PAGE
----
A strong, long duration, solar flare measuring M7.3 erupted from Region 2036 on April 18, 2014. This event started at 12:31, peaked at 13:03 and ended at 13:20 UTC.
R2 Moderate radio blackout threshold was reached at 12:55 UTC – limited blackout of HF radio communication on sunlit side, loss of radio contact for tens of minutes. Degradation of low-frequency navigation signals for tens of minutes.
This region is still in geoeffective position and if CME was generated Earth directed component is very likely.
A 10cm Radio Burst lasting 24 minutes, with peak flux of 1000 sfu, was associated with the event. A 10cm radio burst indicates that the electromagnetic burst associated with a solar flare at the 10cm wavelength was double or greater than the initial 10cm radio background. This can be indicative of significant radio noise in association with a solar flare. This noise is generally short-lived but can cause interference for sensitive receivers including radar, GPS, and satellite communications.
The M7.3 was accompanied by a Tenflare (1000 sfu), a Castelli-U signature, as well as Type II (851 km/s) and Type IV radio emissions. An asymmetric halo CME was subsequently observed in SOHO/LASCO C2 coronagraph imagery at 13:25 UTC. Analysis suggested the ejecta was moving at approximately 1000 km/s and is Earth-directed.
Given the coronal mass ejection associated with this event and another observed on the 17th, the combined effects are expected to drive G1 (Minor) storming on the 20th and 21st. (SWPC)
Space Weather Message Code: WATA30
Serial Number: 111
Issue Time: 2014 Apr 19 1734 UTC
WATCH: Geomagnetic Storm Category G2 Predicted
Highest Storm Level Predicted by Day:
Apr 20: G2 (Moderate) Apr 21: G1 (Minor) Apr 22: None (Below G1)
THIS SUPERSEDES ANY/ALL PRIOR WATCHES IN EFFECT
Potential Impacts: Area of impact primarily poleward of 55 degrees Geomagnetic Latitude.
Induced Currents – Power grid fluctuations can occur. High-latitude power systems may experience voltage alarms.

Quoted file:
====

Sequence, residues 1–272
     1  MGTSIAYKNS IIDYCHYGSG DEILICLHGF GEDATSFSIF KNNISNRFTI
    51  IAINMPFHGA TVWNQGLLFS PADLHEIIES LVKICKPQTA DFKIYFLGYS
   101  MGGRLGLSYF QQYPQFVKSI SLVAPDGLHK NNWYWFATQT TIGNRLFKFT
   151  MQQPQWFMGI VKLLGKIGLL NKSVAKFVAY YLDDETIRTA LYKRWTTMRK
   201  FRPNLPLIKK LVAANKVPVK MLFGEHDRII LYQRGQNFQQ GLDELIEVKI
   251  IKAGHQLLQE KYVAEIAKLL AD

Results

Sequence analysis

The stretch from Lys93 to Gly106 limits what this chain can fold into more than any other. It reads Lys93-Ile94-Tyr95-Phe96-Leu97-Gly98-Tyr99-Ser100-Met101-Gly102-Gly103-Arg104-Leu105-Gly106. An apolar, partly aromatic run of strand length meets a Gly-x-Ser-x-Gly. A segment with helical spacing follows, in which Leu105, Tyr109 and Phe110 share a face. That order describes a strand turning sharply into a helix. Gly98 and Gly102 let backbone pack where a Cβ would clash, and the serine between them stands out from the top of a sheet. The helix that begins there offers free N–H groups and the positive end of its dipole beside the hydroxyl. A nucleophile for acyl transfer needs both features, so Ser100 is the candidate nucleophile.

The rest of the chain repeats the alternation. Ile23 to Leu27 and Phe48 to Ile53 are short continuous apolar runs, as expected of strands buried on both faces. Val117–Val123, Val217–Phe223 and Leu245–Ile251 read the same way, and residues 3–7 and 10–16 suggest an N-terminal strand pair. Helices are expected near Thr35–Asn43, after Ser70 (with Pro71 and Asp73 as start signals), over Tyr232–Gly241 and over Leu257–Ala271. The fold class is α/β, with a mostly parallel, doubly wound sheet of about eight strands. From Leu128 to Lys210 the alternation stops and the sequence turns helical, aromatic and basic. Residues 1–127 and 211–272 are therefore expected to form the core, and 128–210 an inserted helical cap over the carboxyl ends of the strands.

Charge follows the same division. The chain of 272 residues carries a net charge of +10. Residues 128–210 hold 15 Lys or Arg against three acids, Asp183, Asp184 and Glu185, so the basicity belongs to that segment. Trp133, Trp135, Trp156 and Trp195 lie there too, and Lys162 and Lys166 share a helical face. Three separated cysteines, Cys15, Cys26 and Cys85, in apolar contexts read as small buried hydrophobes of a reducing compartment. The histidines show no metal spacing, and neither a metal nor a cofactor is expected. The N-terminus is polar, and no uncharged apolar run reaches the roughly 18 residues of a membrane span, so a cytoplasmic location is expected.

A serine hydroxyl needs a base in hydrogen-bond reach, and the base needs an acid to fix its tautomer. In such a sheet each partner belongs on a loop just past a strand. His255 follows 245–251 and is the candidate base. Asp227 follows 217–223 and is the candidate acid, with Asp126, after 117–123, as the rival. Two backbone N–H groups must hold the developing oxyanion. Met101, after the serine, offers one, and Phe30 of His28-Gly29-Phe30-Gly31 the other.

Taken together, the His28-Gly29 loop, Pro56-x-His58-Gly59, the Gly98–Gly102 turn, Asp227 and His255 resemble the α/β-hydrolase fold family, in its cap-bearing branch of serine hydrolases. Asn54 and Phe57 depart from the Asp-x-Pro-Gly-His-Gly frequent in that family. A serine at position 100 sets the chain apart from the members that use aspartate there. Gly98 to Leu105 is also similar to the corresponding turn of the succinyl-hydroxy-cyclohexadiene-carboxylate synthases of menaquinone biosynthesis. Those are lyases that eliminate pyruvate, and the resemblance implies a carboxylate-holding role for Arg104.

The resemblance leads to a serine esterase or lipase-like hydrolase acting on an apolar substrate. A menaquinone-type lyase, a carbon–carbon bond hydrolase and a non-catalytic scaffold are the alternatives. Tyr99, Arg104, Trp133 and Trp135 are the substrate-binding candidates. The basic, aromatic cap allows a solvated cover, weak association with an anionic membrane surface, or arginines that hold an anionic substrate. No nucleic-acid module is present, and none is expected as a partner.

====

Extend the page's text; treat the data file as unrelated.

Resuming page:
Spacecraft – Satellite orientation irregularities may occur; increased drag on low Earth-orbit satellites is possible.
Radio – HF (high frequency) radio propagation can fade at higher latitudes.
Aurora – Aurora may be seen as low as New York to Wisconsin to Washington state.
Image credit: NASA SDO / AIA 304
Space Weather Message Code: SUMXM5
Serial Number: 116
Issue Time: 2014 Apr 18 1323 UTC
SUMMARY: X-ray Event exceeded M5
Begin Time: 2014 Apr 18 1231 UTC
Maximum Time: 2014 Apr 18 1303 UTC
End Time: 2014 Apr 18 1320 UTC
X-ray Class: M7.3
NOAA Scale: R2 – Moderate
Potential Impacts: Area of impact centered primarily on sub-solar point on the sunlit side of Earth.
Radio – Limited blackout of HF (high frequency) radio communication for tens of minutes.
Space Weather Message Code: SUM10R
Serial Number: 615
Issue Time: 2014 Apr 18 1325 UTC
SUMMARY: 10cm Radio Burst
Begin Time: 2014 Apr 18 1243 UTC
Maximum Time: 2014 Apr 18 1255 UTC
End Time: 2014 Apr 18 1307 UTC
Duration: 24 minutes
Peak Flux: 1000 sfu
Latest Penticton Noon Flux: 179 sfu
Description: A 10cm radio burst indicates that the electromagnetic burst associated with a solar flare at the 10cm wavelength was double or greater than the initial 10cm radio background. This can be indicative of significant radio noise in association with a solar flare. This noise is generally short-lived but can cause interference for sensitive receivers including radar, GPS, and satellite communications.
Space Weather Message Code: WARPC0
Serial Number: 76
Issue Time: 2014 Apr 18 1412 UTC
WARNING: Proton 100MeV Integral Flux above 1pfu expected
Valid From: 2014 Apr 18 1412 UTC
Valid To: 2014 Apr 18 2100 UTC
Warning Condition: Onset
Potential Impacts: An enhancement in the energetic portion of the solar radiation spectrum may indicate increased biological risk to astronauts or passengers and crew in high latitude, high altitude flights. Additionally, energetic particles may represent an increased risk to all satellite systems susceptible to single event effects. This information should be used in conjunction with the current Solar Radiation Storm conditions when assessing overall impact.
Global D-region absorption map. Absorption is the process by which energy in a radio wave passing through the ionosphere is converted to heat through electron collisions with other particles. For applications using frequencies above the VLF range, absorption predominately occurs in the D region.
There are currently 12 numbered sunspot regions on the disk.
Sunspots on April 18, 2014. Image credit: NASA SDO / HMI
2032 N13W57 275 110 2 HAX 1 A
2033 N13W45 263 80 2 HSX 1 A
2034 N05W26 244 280 9 DHC 40 B
2035 S14W04 222 240 16 FSC 40 BG
2036 S15W28 246 510 9 DHC 34 BG
2037 S09W27 245 110 8 DAI 24 BG
2038 S13E37 181 50 2 CSO 6 B
2039 N25W17 223 10 3 BXO 5 B
2040 N16W02 228 10 9 BXO 14 B
2041 S19W43 261 10 2 BXO 5 B
2042 N18E54 165 240 9 DSO 4 B
2043 S11W17 235 10 2 BXO 2 B
NOAA SWPC forecasters estimate 60% chance of M-class, and 10 % chance of X-class solar flares in next three days.
Featured image: NASA SDO AIA 304
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